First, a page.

Current Date: Mon, 09 Dec 2013 08:34:06 -0500
After violating at least five traffic-related construction laws, Greenbridge development has decided to place extra workers on its surrounding streets to ensure subcontractors obey traffic laws, spokesman Mark Vevle said.
After several meetings with the community and a number of complaints, the construction developer and town staff discussed the violations of Greenbridge’s management construction plan and traffic violations, Public Works Director Lance Norris said.
He delivered a letter to the development, located near the corner of West Rosemary Street and North Graham Street, with possible actions.
“The intent is not to stop the construction, but that the behavior stops,” Norris said.
The letter stated that effective Feb. 17, the town Police Department would issue criminal citations to drivers and operators who committed violations. No citations have been issued.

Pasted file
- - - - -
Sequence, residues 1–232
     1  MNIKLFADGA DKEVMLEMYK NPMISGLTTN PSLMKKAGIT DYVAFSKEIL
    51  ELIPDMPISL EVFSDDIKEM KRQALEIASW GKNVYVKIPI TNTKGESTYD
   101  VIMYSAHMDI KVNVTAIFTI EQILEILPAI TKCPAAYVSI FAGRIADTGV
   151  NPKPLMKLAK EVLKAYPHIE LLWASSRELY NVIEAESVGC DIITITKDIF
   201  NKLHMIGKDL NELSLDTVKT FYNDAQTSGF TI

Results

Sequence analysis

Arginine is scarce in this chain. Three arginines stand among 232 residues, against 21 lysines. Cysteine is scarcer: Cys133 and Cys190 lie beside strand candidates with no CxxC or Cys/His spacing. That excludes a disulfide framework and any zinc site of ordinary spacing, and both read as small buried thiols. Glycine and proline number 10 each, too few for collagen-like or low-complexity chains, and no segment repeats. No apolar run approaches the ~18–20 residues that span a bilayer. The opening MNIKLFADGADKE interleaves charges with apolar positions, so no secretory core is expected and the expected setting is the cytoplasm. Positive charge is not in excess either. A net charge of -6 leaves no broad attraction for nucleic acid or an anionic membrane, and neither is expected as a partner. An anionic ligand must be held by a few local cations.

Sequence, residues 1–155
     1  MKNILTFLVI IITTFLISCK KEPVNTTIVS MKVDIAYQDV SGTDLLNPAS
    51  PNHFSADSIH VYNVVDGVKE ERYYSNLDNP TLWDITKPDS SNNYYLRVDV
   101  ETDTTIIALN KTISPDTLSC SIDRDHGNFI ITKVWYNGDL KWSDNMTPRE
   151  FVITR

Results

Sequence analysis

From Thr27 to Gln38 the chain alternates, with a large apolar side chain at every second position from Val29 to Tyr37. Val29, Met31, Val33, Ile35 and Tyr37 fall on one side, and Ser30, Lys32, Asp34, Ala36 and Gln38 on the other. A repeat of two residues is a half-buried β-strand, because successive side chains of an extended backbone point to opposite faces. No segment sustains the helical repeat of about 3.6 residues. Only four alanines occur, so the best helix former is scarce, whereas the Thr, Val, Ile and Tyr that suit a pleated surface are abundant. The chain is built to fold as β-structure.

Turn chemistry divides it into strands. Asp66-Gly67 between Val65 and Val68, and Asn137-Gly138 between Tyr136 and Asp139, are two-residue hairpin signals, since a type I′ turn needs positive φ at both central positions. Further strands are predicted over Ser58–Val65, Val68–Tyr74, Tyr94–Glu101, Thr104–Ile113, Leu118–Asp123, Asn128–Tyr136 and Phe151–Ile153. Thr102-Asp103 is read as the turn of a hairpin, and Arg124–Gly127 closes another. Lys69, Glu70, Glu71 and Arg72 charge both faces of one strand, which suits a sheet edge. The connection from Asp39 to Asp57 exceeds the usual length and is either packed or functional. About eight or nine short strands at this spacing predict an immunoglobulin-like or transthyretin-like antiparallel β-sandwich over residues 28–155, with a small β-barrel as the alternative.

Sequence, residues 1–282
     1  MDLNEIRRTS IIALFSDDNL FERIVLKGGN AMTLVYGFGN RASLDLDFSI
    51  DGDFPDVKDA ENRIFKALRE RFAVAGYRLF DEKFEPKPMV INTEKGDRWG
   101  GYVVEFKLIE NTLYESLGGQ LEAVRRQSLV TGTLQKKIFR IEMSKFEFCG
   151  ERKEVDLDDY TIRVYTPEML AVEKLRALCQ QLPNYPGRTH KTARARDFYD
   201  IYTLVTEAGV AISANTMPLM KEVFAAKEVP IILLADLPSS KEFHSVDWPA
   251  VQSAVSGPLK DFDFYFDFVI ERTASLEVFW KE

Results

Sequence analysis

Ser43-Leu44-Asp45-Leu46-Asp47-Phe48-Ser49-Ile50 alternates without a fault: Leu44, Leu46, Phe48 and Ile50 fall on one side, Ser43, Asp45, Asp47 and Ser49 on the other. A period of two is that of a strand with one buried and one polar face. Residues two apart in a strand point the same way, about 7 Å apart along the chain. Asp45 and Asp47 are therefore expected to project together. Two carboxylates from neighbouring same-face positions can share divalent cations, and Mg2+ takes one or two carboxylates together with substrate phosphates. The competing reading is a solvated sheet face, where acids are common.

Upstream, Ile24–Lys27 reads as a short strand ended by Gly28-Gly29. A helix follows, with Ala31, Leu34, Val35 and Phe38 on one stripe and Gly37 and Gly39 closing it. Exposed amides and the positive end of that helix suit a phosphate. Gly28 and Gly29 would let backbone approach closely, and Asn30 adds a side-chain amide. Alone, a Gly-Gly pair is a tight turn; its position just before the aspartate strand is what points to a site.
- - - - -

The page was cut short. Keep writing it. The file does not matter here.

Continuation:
Even though the development has been issued traffic violations in the past, Norris said an order to stop work is possible only if they get five violations that result in citations.
Vevle said the extra workers should help ease traffic. Additional workers were placed along Merritt Mill Road and Graham Street.
“There have been a few instances when we’ve made mistakes but that was unfortunately out of our control,” he said.
The construction company hasn’t received a citation since the meeting on Feb. 16, Norris said.
Inspections of the environmentally friendly development have found violations with the construction permit.
The construction company closed Rosemary Street without a town permit or using proper traffic control.
The company allowed construction vehicles to travel in the wrong direction on one-way streets. It also used forklifts and cranes without following traffic procedures.
Vevle said that the development hires a builder and the builders hire subcontractors, which leads to having many companies working at the site at the same time.
These violations have placed pedestrians on the surrounding streets in hazardous conditions, Norris said.
“We can only remind people of the rules so many times,” he said.
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